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Ken Clarke appointed Justice Secretary

Ken Clarke appointed Justice Secretary

Ken Clarke admitted today that he was "surprised" at his appointment as Justice Secretary in David Cameron's new government.

The former chancellor, who was shadow business secretary before the election, insisted he was not disappointed that he had not been given an economic portfolio.

He said his past experience as home secretary and a criminal lawyer meant he was well-qualified for his new role.

"It surprised me when I was offered it, but it isn't that surprising when you think about it," he told BBC Radio 4's The World At One. "It's a big and important department."

Mr Clarke, who predicted during the election campaign that a hung Parliament could lead to Britain having to be bailed out by the IMF, welcomed the formation of a coalition government.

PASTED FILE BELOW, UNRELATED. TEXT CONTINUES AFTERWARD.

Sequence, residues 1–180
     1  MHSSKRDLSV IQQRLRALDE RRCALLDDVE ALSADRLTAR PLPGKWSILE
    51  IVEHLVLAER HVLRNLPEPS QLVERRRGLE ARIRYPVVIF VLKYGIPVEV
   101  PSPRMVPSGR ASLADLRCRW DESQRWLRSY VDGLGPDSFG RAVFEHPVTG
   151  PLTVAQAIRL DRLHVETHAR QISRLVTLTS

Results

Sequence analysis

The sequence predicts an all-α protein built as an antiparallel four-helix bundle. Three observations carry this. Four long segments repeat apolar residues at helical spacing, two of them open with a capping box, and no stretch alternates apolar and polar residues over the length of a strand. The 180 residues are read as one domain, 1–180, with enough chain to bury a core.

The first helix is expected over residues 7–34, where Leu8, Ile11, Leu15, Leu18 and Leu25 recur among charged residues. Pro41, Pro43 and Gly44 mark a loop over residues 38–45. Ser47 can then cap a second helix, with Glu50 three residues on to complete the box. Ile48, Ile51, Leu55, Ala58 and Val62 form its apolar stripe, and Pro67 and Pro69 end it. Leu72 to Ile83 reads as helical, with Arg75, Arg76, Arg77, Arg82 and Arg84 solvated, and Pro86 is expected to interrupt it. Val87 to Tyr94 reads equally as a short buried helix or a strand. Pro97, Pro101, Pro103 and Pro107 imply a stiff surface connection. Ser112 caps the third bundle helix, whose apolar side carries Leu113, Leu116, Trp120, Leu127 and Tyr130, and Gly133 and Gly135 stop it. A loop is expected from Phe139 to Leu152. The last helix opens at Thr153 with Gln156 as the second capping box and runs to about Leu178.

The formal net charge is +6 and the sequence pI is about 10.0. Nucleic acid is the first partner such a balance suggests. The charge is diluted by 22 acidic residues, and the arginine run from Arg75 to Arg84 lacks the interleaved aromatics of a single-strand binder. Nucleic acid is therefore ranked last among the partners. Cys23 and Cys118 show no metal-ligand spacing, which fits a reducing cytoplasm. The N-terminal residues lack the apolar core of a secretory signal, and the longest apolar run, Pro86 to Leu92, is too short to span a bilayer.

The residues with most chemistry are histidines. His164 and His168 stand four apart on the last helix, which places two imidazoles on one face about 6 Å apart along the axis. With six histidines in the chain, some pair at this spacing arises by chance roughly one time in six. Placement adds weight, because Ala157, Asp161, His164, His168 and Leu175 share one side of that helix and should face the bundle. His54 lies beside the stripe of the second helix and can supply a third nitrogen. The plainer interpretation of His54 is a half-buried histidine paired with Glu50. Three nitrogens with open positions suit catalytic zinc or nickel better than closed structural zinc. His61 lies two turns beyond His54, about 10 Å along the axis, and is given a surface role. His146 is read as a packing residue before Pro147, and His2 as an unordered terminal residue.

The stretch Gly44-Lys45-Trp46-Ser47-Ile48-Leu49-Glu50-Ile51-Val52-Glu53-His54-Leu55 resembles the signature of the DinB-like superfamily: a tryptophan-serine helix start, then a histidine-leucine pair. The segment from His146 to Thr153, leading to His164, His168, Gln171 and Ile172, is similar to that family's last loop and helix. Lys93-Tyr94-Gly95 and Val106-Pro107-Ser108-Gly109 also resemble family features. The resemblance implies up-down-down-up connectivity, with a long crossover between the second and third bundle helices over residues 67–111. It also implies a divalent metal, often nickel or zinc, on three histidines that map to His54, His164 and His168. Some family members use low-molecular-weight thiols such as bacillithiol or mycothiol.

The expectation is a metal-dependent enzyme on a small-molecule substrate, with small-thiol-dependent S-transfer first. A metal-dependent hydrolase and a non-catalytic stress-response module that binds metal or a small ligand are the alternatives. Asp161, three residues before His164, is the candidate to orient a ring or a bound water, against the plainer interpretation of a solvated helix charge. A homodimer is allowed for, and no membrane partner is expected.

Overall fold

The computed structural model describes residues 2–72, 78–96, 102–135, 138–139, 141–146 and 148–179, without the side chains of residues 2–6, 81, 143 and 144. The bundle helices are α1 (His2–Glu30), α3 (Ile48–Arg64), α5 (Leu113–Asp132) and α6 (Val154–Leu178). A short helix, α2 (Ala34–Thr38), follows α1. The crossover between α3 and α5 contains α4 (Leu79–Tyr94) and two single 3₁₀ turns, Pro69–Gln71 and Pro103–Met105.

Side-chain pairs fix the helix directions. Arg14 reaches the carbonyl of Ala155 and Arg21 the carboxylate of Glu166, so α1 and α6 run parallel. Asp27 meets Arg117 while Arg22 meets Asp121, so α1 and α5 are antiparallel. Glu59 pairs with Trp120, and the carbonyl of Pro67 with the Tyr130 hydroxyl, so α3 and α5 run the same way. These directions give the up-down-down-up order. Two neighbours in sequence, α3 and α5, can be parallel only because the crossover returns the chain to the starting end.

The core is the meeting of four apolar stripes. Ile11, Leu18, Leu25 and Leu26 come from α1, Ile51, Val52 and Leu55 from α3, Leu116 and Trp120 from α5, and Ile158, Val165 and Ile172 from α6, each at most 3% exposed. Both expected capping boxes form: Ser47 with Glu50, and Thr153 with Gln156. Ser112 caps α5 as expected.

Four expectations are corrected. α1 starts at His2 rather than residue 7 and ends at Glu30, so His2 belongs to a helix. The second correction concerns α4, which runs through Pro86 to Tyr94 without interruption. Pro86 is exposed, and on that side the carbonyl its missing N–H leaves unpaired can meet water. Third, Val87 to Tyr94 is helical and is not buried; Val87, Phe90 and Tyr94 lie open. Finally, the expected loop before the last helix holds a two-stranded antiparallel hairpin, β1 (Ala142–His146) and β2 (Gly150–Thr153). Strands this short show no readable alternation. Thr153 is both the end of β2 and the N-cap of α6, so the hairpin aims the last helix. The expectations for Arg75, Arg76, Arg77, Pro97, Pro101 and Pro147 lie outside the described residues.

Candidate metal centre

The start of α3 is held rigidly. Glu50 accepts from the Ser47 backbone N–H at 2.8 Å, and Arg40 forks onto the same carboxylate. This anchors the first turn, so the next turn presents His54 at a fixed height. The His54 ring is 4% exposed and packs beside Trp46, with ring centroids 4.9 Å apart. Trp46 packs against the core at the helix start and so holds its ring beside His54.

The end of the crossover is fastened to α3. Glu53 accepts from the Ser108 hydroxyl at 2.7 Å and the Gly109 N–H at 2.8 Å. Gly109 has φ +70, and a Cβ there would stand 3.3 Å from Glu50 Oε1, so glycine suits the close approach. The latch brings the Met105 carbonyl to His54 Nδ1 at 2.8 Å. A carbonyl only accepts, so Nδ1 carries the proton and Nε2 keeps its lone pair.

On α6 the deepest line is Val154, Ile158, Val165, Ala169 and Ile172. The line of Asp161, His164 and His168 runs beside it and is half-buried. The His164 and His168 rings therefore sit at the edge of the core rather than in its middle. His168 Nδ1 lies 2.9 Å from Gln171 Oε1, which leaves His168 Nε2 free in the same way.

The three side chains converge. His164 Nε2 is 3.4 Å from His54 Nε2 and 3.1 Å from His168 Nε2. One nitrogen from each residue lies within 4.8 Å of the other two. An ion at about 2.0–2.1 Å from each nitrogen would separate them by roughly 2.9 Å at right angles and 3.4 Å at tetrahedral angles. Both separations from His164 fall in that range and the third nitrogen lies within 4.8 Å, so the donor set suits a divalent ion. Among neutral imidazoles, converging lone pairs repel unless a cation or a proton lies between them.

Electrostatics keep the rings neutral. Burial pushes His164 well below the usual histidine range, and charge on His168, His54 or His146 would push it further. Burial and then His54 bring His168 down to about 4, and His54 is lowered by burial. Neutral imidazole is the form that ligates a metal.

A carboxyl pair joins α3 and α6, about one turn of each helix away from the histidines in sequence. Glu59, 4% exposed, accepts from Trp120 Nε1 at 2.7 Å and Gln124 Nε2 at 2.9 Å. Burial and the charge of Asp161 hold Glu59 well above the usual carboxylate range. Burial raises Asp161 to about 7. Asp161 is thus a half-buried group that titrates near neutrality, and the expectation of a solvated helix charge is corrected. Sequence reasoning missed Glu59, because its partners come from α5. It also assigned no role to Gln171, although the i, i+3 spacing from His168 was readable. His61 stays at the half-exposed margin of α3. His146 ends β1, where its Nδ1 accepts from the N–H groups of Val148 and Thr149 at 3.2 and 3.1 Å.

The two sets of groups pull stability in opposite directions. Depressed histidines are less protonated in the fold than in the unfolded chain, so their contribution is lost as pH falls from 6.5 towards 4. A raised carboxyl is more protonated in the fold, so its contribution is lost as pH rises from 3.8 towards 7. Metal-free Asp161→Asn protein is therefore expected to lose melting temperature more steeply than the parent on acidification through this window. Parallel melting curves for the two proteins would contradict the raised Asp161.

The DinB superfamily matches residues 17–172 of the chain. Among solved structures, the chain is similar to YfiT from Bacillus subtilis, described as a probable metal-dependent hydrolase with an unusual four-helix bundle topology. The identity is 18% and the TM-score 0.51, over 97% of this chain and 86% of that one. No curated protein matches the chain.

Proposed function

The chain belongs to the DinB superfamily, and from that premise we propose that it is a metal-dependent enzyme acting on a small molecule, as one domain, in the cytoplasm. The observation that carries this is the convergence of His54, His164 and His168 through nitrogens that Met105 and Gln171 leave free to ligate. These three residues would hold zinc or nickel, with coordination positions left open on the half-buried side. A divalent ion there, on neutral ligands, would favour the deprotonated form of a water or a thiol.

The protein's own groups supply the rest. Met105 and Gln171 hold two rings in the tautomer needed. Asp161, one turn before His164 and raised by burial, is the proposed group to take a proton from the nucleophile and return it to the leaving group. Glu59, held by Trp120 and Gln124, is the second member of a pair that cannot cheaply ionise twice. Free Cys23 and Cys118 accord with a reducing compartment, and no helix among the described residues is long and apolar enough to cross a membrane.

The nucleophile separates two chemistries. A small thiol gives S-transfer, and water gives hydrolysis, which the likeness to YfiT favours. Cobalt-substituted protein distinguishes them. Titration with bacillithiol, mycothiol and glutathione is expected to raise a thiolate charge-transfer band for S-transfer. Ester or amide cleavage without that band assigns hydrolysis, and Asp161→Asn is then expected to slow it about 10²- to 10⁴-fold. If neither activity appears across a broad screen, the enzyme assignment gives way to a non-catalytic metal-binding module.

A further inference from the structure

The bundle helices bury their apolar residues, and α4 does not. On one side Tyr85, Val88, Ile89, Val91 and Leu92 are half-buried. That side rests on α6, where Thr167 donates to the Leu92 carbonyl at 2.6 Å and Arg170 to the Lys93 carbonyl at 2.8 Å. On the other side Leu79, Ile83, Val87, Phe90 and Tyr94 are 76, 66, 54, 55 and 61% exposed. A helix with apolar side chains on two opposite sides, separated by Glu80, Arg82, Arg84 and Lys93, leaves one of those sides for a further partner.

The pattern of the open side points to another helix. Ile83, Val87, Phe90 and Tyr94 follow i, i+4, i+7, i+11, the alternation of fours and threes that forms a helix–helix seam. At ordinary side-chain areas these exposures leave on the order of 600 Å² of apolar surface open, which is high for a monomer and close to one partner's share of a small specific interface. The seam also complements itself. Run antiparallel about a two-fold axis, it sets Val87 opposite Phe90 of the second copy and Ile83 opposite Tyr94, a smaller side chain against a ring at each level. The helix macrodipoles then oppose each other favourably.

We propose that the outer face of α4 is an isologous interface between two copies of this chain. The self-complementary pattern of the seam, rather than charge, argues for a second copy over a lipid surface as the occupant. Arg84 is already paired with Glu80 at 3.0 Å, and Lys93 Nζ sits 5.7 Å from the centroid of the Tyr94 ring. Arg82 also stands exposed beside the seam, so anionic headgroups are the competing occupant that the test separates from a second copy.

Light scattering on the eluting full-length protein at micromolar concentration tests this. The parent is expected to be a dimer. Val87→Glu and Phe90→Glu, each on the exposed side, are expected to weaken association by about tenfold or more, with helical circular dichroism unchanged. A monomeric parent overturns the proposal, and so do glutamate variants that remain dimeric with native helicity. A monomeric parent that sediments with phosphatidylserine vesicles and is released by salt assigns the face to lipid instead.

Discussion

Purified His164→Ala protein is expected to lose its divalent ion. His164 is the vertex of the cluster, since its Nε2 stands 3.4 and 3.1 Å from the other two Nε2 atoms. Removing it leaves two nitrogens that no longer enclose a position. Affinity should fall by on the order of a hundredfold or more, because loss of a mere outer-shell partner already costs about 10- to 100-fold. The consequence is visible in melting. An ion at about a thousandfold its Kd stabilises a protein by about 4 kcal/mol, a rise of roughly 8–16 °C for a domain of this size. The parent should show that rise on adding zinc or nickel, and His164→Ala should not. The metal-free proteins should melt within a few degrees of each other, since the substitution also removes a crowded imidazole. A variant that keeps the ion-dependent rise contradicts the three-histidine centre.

"A minority government would have been a disaster, it would have been fiddling whilst Rome burned," he said. "I am pleasantly surprised that a hung Parliament has not produced the chaos I feared."

He suggested that Conservative plans for a new Human Rights Act to replace the existing legislation – which controversially enshrines the European Convention on Human Rights in British law – may not now be a high priority.

"We are not committed to leaving the European Convention on Human Rights, we have committed ourselves to a British Human Rights Act. We are still signatories to the European Convention on Human Rights," he said.

"I have also got to see when the coalition agreement is completed how high a priority this is going to be given."